Of the seven dispensaries, we conducted our modelling study in one with high client volume. The facility had the typical staffing profile of a dispensary: two nurses, one focused on maternal and child health (MCH) visits, and the other on out-patient (OP) visits; an HIV testing counsellor (HTC) who conducted provider-initiated HIV testing; a part-time clinical officer (CO) who oversaw HIV-positive clients seeking anti-retroviral treatment (ART) or prevention of mother-to-child transmission (PMTCT) services; and two to three subordinate support staff who helped with registration, weighing, and dispensing drugs. The facility had three main rooms, one each for MCH, OP, and ART/PMTCT (Fig. 1). Staff rotated among these rooms for the respective services.

Fig. 1
figure1

Facility floorplan

Time-motion study

We collected time-motion data at the facility over 4 weeks in August 2015 during the intervention. Six data collectors were stationed across each facility service point: two by the entrance, two at the MCH room, one at the OP room, and one at the ART/PMTCT room. Firstly, data collectors recorded all facility clients’ arrival times and purpose of visit (including MCH and non-MCH visit) to inform client mix and arrival time distributions. Secondly, for all MCH visits, we collected detailed information on client pathways. Any woman arriving at the facility for MCH purposes was greeted and introduced to the study. A short statement explained the study purpose (to measure activity and wait times), study procedures (wear a number badge and carry a timesheet throughout the visit), and confidentiality (no personal information such as name or test results would be collected). Women who disagreed would be free to continue their visits without timesheets and their badge numbers would be skipped. Data collectors present at each service point recorded activity process start and end times, service locations, provider type, and any blood tests done on the MCH women’s timesheets. Thirdly, data collectors recorded how healthcare workers (nurses, and COs) were spending their time (e.g. attending to clients, doing paperwork, doing miscellaneous tasks, taking breaks or unavailable) at every 15-min interval from the time of the healthcare workers’ arrival until their departure. All the data were recorded with established reference codes and any unforeseen items were given new codes that were communicated to the team immediately. Digital watches were synchronized daily at the beginning and end. All timesheets were scanned by TeleForm® (Hewlett-Packard) and exported into an excel database.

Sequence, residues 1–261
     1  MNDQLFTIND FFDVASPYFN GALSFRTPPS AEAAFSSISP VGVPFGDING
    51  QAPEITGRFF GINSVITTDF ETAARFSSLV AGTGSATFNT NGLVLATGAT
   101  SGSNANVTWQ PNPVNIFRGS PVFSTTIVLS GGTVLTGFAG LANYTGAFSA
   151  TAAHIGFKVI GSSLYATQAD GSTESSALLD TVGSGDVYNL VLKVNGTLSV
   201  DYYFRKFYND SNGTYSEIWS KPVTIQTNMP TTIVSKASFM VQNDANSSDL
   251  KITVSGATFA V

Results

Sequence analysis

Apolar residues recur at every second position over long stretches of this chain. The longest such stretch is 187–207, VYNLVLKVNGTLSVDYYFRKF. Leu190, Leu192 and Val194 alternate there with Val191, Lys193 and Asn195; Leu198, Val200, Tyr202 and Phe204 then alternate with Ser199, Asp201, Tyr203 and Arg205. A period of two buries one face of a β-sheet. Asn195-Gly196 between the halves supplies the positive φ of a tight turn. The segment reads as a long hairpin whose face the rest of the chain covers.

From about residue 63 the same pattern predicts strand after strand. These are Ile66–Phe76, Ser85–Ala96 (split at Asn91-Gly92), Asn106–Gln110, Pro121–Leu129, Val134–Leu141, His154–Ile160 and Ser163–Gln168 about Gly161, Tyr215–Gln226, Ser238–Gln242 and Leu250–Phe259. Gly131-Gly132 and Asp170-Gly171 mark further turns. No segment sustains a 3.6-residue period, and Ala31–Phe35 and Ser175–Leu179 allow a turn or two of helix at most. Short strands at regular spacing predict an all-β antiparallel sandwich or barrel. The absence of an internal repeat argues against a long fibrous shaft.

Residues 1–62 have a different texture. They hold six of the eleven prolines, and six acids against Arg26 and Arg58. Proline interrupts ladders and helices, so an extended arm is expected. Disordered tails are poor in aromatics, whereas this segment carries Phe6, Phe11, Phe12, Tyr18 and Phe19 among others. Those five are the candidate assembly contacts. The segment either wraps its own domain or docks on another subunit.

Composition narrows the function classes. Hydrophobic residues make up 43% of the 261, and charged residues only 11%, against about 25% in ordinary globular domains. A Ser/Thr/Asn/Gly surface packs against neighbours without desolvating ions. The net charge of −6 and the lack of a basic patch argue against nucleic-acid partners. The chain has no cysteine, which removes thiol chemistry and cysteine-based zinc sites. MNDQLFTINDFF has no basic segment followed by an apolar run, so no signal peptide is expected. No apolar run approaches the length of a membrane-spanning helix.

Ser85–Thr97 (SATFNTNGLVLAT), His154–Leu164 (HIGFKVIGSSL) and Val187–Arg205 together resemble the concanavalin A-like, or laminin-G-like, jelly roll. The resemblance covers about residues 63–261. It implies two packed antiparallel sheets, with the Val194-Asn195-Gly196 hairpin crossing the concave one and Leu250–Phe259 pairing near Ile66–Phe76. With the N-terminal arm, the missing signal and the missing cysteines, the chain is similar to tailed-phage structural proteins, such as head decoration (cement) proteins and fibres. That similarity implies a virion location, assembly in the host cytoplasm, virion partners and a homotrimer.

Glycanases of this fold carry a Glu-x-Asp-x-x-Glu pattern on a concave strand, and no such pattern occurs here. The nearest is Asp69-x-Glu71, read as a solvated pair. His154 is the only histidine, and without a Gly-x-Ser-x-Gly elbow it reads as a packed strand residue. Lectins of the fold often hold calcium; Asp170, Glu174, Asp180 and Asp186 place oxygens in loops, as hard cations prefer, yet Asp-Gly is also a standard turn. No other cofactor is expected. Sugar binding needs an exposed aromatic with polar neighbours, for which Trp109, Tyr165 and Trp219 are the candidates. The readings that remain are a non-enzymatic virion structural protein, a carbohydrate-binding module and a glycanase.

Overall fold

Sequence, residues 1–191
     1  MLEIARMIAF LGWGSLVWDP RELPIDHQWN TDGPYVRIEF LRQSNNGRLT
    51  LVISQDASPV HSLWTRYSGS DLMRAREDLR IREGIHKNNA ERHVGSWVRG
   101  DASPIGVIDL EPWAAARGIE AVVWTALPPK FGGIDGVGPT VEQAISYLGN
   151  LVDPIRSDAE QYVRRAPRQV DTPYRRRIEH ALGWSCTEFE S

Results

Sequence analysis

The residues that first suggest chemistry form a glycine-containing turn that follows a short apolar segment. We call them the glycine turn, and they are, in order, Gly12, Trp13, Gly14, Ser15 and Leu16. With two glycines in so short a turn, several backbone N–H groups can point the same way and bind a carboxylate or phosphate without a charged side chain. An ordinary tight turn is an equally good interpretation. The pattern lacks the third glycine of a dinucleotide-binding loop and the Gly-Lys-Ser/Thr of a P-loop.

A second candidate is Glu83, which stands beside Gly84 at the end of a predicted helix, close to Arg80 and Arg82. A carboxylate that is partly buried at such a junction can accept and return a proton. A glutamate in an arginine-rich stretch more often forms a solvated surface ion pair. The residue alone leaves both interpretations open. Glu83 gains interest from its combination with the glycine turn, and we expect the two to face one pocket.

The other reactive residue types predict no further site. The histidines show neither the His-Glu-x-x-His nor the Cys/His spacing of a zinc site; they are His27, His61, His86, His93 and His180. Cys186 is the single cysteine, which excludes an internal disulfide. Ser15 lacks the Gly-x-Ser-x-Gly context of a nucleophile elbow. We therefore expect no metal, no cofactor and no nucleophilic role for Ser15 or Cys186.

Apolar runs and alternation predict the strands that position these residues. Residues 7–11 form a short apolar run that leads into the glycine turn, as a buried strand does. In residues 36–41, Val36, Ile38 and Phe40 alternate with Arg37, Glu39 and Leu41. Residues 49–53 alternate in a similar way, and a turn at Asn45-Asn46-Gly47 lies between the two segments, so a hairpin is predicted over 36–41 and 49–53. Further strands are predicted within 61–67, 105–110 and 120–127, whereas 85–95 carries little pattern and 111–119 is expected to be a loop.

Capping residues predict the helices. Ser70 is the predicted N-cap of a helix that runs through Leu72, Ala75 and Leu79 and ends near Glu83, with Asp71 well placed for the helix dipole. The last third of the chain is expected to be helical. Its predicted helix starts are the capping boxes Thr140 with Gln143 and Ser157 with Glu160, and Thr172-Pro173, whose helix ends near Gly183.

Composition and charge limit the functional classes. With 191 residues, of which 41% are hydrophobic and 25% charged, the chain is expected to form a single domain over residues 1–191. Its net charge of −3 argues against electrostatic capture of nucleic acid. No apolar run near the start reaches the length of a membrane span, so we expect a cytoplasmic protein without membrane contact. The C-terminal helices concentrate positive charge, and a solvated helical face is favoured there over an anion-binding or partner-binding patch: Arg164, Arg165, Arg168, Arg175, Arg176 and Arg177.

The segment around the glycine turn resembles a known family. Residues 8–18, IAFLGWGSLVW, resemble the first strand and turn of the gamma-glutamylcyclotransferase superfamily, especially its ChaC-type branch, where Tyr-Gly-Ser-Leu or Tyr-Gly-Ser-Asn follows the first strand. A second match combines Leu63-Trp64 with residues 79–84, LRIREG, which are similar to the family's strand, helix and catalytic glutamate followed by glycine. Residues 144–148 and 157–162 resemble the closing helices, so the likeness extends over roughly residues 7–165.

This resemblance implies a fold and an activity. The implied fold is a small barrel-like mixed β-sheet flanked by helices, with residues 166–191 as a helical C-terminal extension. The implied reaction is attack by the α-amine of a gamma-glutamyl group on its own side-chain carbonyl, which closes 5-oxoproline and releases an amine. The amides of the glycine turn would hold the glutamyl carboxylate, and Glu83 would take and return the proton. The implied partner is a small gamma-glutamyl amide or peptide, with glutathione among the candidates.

Modelling

A deterministic DES model of the dispensary was built in WITNESS© (Lanner Group Limited) simulation software. The model is made of entities, attributes, resources, and activities. Entities are people or items that enter the system (e.g. clients, paperwork) and require attention from resources (e.g. nurses, HTC, CO). The resources attend to entities in activities (e.g. consultation, registration). Attributes are intrinsic features of entities such as client types, pathways and the time spent on activities. Queues are generated in the DES model when entities compete for resources who are often needed in several activities simultaneously. The model outputs include waiting times, length-of-stay and nurse utilizations. We report wait times and length-of-stay in hour and minute format (hh:mm). The total wait time is defined as the sum total of time women had to wait for services and the length-of-stay is the time between women’s arrival and departure.

Development and validation of the base-model with integrated POCT

Empirically collected time-motion data was used to inform model inputs. These inputs were: 1) all facility clients’ arrival times which included MCH and non-MCH clients; 2) all MCH clients’ activity sequences, activity durations, activity locations and activity service providers; and 3) non-MCH clients’ OP and ART consultation durations.

All entities entered the model with their empirical arrival times. We made assumptions about OP and ART visits because we did not follow non-MCH clients: we assumed every OP and ART client had a consultation with either a nurse or a CO and that none of them were turned away except for those who came on the day healthcare workers were striking. Their consultation durations were given distributions estimated from those of MCH women who received OP or ART services with an average of 6.5 min for OP consult with nurses, 5 min for ART consult with nurses and 10 min for ART consult with the CO. MCH entities were given their empirical client flow sequences and activity durations as attributes. Healthcare worker availabilities and shift patterns were informed by the healthcare worker activity observations.